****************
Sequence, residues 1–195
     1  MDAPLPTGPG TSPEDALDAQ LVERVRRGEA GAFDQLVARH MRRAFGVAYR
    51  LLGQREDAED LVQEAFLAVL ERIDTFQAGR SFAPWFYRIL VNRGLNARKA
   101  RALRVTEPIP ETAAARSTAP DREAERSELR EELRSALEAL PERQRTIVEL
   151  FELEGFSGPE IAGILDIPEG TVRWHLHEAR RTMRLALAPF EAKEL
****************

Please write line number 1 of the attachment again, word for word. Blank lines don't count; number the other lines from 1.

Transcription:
Sequence, residues 1–195